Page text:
‘Bottoms’ is here to redefine the high-school comedy

‘Bottoms’ is here to redefine the high-school comedy | Soho House

And you can watch the movie in our screening rooms at the Houses now

Saturday 4 November 2023   By Hanna Flint

I love high-school comedies. As a millennial, Hollywood certainly made sure of that by spoon feeding us a smorgasbord of memorable, iconic, immensely quotable films set against the backdrop of the school curriculum. Of course, the ones with female leads made the biggest impact: Mean Girls, Clueless, Sugar & Spice, She’s All That, Bring It On and Easy A were a few of my favourites, but they also seem rather quaint in comparison to Emma Seligman’s raucous Bottoms.

I’ve been itching to see what Seligman would serve up after her intensely funny debut, Shiva Baby in 2020. Featuring a star-making turn by Rachel Sennott, as a college student confronted by her sugar daddy and her ex-girlfriend at a Jewish family funeral, it’s a powder keg of a film, simmering with dry humour and a plucky score that builds the nervous tension to a tipping point.

Bottoms couldn’t be more different, but no less daring. Reuniting with Seligman, co-writer Sennott shares top billing with The Bear’s Ayo Edebiri as outcast lesbian best mates, PJ and Josie, who are desperate to get some action before they go to college. The closest comparison to their dynamic might be Jonah Hill’s Seth and Michael Cera’s Evan in Superbad; PJ is the obnoxious assertive one in the friendship, while Josie veers more towards introversion when in the same vicinity as cheerleader Isabel (Havana Rose Liu). Dating the star quarterback, Isabel and her best friend Brittany (Kaia Gerber) are the hottest and most popular girls in school so, in typical high-school comedy fashion, our two awkward leads have mahoosive crushes on them. 

PJ and Josie’s social ineptitude doesn’t quite recommend them as potential paramours for these gorgeous girlies. They might be queer at a time when being part of the LGBTQIA2S+ community is a badge of honour but, unfortunately, their graceless branding has secured limited influence with their peers and the faculty to boot. A perfectly delivered tannoy announcement saying, ‘Could the ugly, untalented gays please report to the principal’s office?‘ helps to cement their outlier status.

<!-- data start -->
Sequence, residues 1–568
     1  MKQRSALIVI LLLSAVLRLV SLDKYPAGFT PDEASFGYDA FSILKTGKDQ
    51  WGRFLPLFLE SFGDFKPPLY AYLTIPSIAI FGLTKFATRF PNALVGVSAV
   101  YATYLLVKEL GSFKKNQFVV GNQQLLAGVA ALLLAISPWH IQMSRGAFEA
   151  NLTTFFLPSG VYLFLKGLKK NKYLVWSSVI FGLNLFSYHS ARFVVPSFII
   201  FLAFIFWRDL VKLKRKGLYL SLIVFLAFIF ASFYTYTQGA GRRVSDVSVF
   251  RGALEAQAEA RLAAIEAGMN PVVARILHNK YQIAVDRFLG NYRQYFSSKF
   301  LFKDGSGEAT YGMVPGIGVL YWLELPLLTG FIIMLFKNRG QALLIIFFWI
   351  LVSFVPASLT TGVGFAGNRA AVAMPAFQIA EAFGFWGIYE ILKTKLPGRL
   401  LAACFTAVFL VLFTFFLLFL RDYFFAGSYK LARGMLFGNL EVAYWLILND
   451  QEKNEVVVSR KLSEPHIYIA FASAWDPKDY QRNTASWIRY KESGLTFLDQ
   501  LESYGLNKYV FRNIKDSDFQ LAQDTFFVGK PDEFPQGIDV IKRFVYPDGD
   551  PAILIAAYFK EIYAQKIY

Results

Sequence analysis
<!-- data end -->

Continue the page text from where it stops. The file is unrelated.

‘Bottoms’ is here to redefine the high-school comedy | Soho House
However, when PJ and Josie accidentally start an extracurricular feminist fight club to get out of trouble with the principal, their high-school clout increases dramatically. They begin to provide highly unqualified, sapphic-infused self-defence training to fellow female students who believe a rumour that they went to juvenile detention over the summer, but once Isabel and Brittany join the mix, PJ and Josie use their lie-based leadership to their romantic advantage.

It’s a similar sort of ridiculous plot set-up as She’s All That’s Pygmalion-inspired bet and Never Been Kissed’s ‘journalist going undercover at a high school’ storyline, but Seligman takes the absurdity up to 11. The over-the-top football team never changes out of their kit and a subplot about a violent rivalry with another school team keeps the eccentric fires burning. And these girls actually beat the sh*t out of each other, come away smiling and are itching for more all in the name of female empowerment. 

Seligman and Sennott infuse the sex comedy parody spirit of Wet Hot American Summer into a rip-roaring cinematic escapade told through a Gen-Z lens to mock therapy speak, romantic tropes, intersectionality and earnest exclamations of love, politics and femininity. I cackled when Isabel says, ‘I really value when people use violence for me, it’s actually one of my love languages,’ and guffawed when Josie tells PJ, ‘You don’t care about feminism. Your favourite show is Entourage!’ 

The line delivery by Sennott and Edebiri is note-perfect; they know exactly how to make a joke land, when to labour a punchline or let it dryly slip out. The pair are bolstered by superb supporting performances from Liu, Marshawn Lynch’s Mr. G, the club’s faculty advisor going through a divorce, and Nicholas Galitzine’s cry-baby quarterback Jeff, in particular. Their manic energy is on a sliding spectrum and it peppers this satirical sojourn in surprising ways. 

I doubt viewers watching will take an incel-like obsession and live by the toxic elements of the film’s fight club like certain male audiences did with David Fincher’s Fight Club. But there’s dark humour lacing proceedings, pushing the boundaries of what you’d expect from a high-school film that I haven’t really seen since my ultimate fave, Heathers

Bottoms is a sharp, painfully funny and exuberant addition to the high-school movie hall of fame that you should definitely not miss. 

‘Bottoms’ will be showing at Electric White City from Friday 3 November. Playing at UK member screenings from Friday 10 November. See our screenings page to find out what’s on at our Houses around the world